Herod’s hatred proved devastating. In a fierce rage, having been tricked by the Wise Men, he ordered the slaughter of all the males under two around Bethlehem, presumably in an attempt to wipe out his perceived rival. Some scholars reckon that there may have been up to 30 children involved. Just as at the time of Exodus, a powerful leader wreaks havoc in Jewish families.
Matthew, however, connects the tragic events in Bethlehem to another part of the Old Testament, citing Jeremiah 31 and the grief expressed at the exile.
But allusions to Exodus and the escape from Egypt, under the leadership of Moses, are also included in the story, with the quotation from Hosea 11: ‘Out of Egypt I called my son.’ It was Egypt that would provide shelter for Joseph, Mary and Jesus, while the murderous hatred of Herod raged. Once the storm had passed, the family would leave Egypt for Israel, eventually settling in Galilee and the town of Nazareth.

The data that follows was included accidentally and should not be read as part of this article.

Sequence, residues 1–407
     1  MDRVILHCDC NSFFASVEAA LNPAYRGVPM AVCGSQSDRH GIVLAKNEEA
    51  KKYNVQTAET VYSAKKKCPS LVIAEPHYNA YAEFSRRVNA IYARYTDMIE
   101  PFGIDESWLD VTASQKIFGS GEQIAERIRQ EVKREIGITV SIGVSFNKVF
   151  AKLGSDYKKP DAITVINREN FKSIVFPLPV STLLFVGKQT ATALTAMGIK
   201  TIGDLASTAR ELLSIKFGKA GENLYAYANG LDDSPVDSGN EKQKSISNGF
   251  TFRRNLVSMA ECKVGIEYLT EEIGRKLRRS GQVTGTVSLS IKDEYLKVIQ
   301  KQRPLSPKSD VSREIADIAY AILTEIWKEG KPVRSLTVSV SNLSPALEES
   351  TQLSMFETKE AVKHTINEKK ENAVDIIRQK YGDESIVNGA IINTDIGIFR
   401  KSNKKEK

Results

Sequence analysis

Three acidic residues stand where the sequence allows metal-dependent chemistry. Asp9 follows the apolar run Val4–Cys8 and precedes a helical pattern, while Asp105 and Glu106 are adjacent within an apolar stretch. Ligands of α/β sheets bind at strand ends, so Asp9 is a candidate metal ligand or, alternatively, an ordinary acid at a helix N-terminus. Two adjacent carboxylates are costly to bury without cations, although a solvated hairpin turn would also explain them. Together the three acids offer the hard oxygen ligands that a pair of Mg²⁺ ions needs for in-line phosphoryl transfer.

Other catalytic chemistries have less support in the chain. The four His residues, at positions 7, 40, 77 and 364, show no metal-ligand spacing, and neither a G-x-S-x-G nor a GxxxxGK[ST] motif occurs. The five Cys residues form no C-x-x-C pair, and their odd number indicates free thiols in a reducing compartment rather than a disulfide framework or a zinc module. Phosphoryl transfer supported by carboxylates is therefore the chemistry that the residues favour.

The description of this turn of events as a ‘fulfilment’ of Hosea’s prophecy is fascinating. To all intents and purposes a reader of Hosea 11:1 is likely to see only a reference to the past. Hosea is talking about the rebellion of the ‘son’ that God had called, specifically Israel. The more God loved them, the more rebellious that ‘son’ became.
But Matthew sees another dimension to Hosea’s words. While Israel had failed to be a loving and dutiful son, despite their experience of redemption and the kindness of God, God’s true Son had been born.
Like Israel. this Son was called out of Egypt. Unlike Israel, this Son would lovingly obey his Father. All that Israel failed to be – son, vine, servant – Jesus fulfilled to perfection.
Less theologically, and more practically, how pertinent to note – at a time when there are some 15 million refugees – that the King of Kings and his family were numbered among the refugees of their day.